Portland is famous for its unorthodox food scene, from our foodie friendly bars to our plethora of food carts. Given the community of restaurants in Portland, and the demand for space, Pine Street Market makes all kinds of practical sense.
The building itself is beautiful: exposed brick and high ceilings with industrial wooden beams and bare bulbs. Seating is plentiful in the already busy space, with both table seating and bar seating at each of the participating restaurants. Unlike at other food courts, Pine Street Market also has booze.
Most of the food spots in the market are offshoots of restaurants around town. Olympia Provisions takes the center of the market, with OP Wurst. It’s one part homage to American hot dogs and one part “frankfurter test kitchen,” serving up Wrigley inspired foot longs with a variety of toppings, from a plain dog to mac n cheese, and even poutine. Of course, nothing goes as well with hot dogs as champagne, and OP Wurst has a number of bottles of on hand, as well as glass pours of whites and rosés, even some liquor.
Marukin, the new ramen spot from straight from Tokyo, has a branch here, serving traditional ramen, along with wine, beer, and sake. Across from Marukin is the WizBangBar, the newest branch of Salt & Straw Ice Cream, serving soft-serve and sundaes. Of course, it wouldn’t be a Portland gathering without coffee. At Pine Street it’s provided by Barista, at the Brass Bar.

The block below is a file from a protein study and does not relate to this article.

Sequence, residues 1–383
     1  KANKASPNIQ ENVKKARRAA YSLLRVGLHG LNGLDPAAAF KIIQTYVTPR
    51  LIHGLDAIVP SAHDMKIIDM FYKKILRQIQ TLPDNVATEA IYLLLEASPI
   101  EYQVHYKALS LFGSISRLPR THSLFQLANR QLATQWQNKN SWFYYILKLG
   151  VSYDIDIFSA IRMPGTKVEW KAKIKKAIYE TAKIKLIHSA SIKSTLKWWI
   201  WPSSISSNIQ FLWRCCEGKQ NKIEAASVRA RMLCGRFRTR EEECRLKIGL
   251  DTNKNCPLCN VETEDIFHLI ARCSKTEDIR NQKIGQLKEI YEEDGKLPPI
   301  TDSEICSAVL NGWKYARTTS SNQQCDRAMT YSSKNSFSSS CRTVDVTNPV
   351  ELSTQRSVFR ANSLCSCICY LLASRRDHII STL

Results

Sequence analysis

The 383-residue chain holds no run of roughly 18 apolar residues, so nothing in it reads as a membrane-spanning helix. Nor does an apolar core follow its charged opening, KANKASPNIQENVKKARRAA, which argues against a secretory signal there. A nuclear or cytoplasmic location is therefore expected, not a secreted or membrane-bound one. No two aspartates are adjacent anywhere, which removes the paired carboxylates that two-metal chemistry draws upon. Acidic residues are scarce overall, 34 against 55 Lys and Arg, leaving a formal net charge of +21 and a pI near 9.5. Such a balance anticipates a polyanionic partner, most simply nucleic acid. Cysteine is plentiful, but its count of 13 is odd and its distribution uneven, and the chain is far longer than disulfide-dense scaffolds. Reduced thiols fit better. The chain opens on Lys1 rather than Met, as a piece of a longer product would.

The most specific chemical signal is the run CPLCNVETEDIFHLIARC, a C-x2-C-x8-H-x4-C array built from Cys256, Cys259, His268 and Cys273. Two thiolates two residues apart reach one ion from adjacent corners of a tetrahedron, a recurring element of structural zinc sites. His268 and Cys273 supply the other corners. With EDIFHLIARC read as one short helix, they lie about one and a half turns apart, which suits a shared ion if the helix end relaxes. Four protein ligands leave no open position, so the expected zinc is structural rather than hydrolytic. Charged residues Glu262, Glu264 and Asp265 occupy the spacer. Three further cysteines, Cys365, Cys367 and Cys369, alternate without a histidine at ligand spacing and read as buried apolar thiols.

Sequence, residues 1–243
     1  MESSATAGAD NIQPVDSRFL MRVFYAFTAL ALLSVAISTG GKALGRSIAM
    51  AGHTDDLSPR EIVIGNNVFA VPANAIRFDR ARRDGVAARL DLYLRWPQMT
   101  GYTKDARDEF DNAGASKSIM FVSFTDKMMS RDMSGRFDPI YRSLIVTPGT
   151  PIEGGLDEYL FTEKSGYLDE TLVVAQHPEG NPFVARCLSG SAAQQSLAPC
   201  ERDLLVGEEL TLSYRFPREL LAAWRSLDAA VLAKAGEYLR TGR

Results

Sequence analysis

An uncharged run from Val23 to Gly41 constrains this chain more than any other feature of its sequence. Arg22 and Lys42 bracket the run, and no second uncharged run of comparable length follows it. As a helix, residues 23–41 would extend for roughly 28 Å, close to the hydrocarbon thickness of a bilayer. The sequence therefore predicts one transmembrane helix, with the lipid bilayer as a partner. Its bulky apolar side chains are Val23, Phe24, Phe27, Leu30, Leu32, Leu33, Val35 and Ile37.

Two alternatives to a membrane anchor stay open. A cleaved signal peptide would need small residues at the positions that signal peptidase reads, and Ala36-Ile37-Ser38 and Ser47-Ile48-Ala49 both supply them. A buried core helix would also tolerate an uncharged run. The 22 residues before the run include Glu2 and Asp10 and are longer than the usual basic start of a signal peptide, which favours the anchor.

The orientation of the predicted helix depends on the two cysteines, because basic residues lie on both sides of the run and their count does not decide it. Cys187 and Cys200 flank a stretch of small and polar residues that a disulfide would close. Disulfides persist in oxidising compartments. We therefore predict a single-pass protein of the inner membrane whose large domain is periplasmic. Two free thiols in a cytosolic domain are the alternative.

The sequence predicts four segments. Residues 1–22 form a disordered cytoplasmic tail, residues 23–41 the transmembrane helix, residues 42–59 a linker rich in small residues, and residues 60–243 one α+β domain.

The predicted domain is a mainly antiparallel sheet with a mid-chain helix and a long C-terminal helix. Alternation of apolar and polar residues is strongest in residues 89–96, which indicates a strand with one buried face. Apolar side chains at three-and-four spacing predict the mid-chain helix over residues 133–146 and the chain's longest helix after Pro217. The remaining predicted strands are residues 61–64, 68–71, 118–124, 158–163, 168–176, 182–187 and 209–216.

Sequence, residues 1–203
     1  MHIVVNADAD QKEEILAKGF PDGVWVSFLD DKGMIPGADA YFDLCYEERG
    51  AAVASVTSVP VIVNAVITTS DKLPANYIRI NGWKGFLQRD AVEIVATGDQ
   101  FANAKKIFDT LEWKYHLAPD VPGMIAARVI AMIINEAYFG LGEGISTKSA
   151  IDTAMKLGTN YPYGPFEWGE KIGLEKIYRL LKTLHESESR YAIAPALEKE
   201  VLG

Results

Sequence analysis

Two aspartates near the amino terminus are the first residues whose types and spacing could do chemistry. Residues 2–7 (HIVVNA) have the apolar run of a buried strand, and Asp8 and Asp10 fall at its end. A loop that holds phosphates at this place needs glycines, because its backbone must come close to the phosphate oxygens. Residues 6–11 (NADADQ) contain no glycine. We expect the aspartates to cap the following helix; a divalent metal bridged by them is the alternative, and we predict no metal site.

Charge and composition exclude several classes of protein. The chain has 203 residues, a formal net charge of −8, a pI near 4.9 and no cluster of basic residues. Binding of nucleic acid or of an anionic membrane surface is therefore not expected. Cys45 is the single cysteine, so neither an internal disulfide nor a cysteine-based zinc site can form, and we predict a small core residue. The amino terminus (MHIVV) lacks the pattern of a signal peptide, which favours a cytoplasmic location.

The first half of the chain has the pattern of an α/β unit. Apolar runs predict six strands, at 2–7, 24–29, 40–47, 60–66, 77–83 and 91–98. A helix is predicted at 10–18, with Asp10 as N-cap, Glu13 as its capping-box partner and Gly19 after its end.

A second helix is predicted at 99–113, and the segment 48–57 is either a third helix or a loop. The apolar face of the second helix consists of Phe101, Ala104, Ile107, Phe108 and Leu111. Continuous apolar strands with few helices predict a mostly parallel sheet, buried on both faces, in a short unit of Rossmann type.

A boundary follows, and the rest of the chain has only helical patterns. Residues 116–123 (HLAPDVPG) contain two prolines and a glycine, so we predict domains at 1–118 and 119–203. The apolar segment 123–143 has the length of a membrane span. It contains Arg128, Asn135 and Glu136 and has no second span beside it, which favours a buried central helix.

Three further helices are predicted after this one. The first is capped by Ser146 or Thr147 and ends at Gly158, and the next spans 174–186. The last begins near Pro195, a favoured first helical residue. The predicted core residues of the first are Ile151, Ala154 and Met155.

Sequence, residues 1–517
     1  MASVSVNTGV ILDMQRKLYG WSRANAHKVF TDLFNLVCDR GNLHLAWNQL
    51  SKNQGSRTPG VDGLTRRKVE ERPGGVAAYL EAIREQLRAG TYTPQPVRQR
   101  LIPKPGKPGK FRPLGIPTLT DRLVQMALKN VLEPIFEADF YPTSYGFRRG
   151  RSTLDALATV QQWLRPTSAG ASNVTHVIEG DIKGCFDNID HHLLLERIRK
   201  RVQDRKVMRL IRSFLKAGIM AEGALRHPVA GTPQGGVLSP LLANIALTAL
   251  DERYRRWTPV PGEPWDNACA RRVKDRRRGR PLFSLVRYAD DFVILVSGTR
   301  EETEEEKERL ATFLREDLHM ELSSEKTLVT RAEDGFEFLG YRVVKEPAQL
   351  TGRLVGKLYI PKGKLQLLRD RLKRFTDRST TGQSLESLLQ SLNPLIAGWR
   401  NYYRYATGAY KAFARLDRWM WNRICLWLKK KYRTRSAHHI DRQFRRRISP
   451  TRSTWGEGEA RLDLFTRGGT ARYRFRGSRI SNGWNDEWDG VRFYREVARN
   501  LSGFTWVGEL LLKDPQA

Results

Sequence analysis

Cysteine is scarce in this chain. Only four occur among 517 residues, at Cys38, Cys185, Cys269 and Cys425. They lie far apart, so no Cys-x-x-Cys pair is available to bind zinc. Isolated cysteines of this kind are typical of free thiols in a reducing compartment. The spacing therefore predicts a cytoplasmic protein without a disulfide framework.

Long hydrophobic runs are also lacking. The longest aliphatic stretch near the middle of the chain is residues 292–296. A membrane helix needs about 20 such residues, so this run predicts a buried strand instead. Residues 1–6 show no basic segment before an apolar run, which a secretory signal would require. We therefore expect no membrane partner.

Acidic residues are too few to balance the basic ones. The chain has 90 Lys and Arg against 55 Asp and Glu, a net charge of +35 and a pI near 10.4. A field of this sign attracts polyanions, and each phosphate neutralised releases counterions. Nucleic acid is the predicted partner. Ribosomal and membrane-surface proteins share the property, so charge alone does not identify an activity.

For those looking for pizza and baked goods, Trifecta Annex delivers. This newest branch from baker and restaurateur Ken Forkish cooks up Ken’s Artisan Pizza and Ken’s Artisan Bakery goods. It’s the perfect place to grab a slice of Ken’s famous pizza without ordering an entire pie, though you can do that as well, or grab a daily toast, Ken’s famous leaven bread with seasonal toppings.
John Gorham, founder of Toro Bravo, Tasty n Sons, and Tasty n Alder has a new location as well in Pollo Bravo. He and executive chef John Scofield, who was inspired by trips through Mexico, have developed this as a tapas restaurant focused on rotisserie chicken and latin inspired sides. Split a half-chicken with a friend and get some papas bravas and asparagus in romesco sauce. Pollo Bravo also boasts a large supply of vermouth and sherry.
Pine Street Market also hosts new ventures. Longtime executive chef of Paley’s Place, Patrick McKee, and Langbaan chef Earl Wilson have teamed up for the French/East Asian fusion restaurant and bar, Common Law. The menu includes items such as beef tongue banh mi and spice bone marrow and mussel toast. Tucked into one corner of the market, Common Law sports a full cocktail bar with Asian inspired drinks.
Finally, the excellently named Shalom Y’all, also from John Gorham as well as Kasey Mills from the Mediterranean Exploration Company, is bringing vegetarian friendly Middle Eastern and Mediterranean food to the market. Calling it Israeli Street Food, the restaurant focuses on falafel, hummus, and house made pita, as well as shakshuka, an Israeli breakfast dish with tomatoes, peppers, and baked eggs. Shalom Y’all also has a bar, which serves cocktails, wine, and a Levantine spirit known as Arak, a grape based liqueur flavored with star anise.
The market officially opened May 1st, and its hours are 6 a.m. - 11 p.m. every day of the week.
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